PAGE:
App of the day: Google Keep review (Android)
There's been a lot of grumbling since Google shut down Rader very recently. People are frustrated that the firm is ignoring their needs, and pulling the plug on popular services because it can't make enough money from them, or simply loses interest in them.
So when the firm announced Keep, there was a little moaning that, while it sounds like a really swell idea, if Google was just going to end up killing it in a few years time, then why should anyone get excited about it.
So we downloaded the app to have a look. Annoyingly, we discovered that it's actually rather ideal, especially for us, as Galaxy Note II users. And that's because, of course, you can use Samsung's S Pen to make notes too. Very handy.
- Google Play
As you'd hope, Keep conforms to the new Google style. It's a very clean, clutter-free interface that has almost no distractions at all when you use it. The first time you fire it up, you're asked what Google account you'd like to use. Because this is an Android app, it can detect what Google accounts you have, and you'll be given the chance to select the one you want.
From there, the configuration is over, and there's really nothing else complicated. To get started, all you need to do is add some content. Google keeps this really simple. You can either make a quick note, which is simply typed into the box at the top of the screen and saved, Or you can open the full-sized note page. Although there's not a massive advantage of this for new notes, it makes more sense for revisiting old notes.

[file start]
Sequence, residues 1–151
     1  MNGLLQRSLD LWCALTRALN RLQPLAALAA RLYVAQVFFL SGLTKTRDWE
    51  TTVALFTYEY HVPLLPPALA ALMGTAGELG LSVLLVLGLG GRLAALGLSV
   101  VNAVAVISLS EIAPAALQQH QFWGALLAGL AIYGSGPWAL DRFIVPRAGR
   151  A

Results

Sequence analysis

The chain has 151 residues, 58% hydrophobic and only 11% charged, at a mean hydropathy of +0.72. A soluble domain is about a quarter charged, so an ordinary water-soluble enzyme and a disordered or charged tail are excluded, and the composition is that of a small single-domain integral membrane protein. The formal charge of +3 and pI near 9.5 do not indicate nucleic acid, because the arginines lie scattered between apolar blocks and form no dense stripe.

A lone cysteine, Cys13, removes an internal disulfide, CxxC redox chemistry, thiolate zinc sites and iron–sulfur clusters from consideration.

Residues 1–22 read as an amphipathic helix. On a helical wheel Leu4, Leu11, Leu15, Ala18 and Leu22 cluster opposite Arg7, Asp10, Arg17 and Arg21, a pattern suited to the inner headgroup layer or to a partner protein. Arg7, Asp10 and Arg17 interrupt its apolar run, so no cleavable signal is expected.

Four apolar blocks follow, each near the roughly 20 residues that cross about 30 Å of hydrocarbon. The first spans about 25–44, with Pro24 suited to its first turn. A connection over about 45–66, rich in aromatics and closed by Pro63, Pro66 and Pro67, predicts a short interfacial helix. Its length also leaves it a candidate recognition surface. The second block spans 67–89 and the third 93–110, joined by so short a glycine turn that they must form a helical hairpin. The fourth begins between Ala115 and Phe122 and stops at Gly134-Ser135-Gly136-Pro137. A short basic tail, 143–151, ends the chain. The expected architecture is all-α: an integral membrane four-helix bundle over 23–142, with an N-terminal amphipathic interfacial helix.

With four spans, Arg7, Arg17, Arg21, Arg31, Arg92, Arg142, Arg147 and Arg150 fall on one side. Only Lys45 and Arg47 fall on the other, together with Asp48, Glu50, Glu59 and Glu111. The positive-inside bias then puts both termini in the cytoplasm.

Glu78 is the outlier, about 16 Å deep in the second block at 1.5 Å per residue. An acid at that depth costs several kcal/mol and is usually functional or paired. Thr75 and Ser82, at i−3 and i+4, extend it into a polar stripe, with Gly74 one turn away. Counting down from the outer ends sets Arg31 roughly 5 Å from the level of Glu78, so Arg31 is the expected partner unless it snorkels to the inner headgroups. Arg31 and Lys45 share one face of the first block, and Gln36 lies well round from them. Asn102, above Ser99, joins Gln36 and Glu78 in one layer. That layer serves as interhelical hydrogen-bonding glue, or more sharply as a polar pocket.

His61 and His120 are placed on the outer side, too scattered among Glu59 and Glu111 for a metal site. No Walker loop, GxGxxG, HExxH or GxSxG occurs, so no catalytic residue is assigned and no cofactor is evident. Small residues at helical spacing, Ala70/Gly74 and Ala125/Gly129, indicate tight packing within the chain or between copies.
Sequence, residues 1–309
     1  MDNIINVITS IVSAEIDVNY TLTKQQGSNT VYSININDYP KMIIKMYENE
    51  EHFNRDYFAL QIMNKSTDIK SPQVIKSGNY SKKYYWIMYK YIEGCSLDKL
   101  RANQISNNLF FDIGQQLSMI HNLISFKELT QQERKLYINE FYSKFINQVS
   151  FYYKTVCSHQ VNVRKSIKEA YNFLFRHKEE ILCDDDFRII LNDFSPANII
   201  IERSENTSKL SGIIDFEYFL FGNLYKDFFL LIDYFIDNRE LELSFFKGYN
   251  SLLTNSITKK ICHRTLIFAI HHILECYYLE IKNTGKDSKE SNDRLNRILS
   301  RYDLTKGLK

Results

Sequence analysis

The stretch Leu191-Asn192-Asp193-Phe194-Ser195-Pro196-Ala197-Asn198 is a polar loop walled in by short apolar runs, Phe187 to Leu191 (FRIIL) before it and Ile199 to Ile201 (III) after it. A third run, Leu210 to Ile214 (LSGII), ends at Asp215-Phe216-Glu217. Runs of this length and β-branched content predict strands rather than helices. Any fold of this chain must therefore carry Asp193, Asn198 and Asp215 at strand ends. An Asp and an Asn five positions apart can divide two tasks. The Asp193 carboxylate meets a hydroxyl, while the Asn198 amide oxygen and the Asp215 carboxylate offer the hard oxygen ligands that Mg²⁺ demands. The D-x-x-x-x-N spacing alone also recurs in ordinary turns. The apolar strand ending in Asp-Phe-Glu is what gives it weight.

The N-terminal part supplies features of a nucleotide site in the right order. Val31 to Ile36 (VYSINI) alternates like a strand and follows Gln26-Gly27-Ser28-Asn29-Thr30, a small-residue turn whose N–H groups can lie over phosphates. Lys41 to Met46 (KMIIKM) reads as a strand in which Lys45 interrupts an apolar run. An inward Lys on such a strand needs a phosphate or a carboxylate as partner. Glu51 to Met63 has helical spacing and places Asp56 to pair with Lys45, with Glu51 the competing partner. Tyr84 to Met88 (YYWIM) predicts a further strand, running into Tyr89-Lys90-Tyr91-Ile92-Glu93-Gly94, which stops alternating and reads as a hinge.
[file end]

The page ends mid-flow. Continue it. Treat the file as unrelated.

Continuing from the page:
It gets better though, because using Google's speech to text engine, you can make a voice notes too. Simply speak, and Google will turn your words into text, but there's the added bonus that it stores the audio file too, in case it makes a comical mistake - it will - and you need to refer back to it later.
As you might hope, you can also add an image. Although this is geared up to add photos from the camera there and then. We couldn't see how to add an image from your gallery, which is annoying, although you can easily do this from the web interface on a computer. You can, interestingly "share" an image from your gallery via the share menu. While this works fine, it's illogical, and we'd like to see it available in the app itself.
There's also a search, which as you'd hope from Google is pretty good. We don't know how it will perform when you've got thousands of notes, but for our test, it was very rapid indeed, and a brilliant way of finding what you want.
If you want to access or create new notes from your computer, it's a matter of visiting drive.google.com/keep and you'll see everything you've written, and be able to add new notes too.
We hope Keep lasts, or the name will be something of a joke. Of course, it's tight integration with Google Drive means, no matter what happens, you won't lose your notes, but without the custom interface, it would be annoying to access them. Still, it doesn't look or feel like this is an expensive service to run - it's basically a Drive bolt-on. So as long as Drive carries on, Keep should be safe.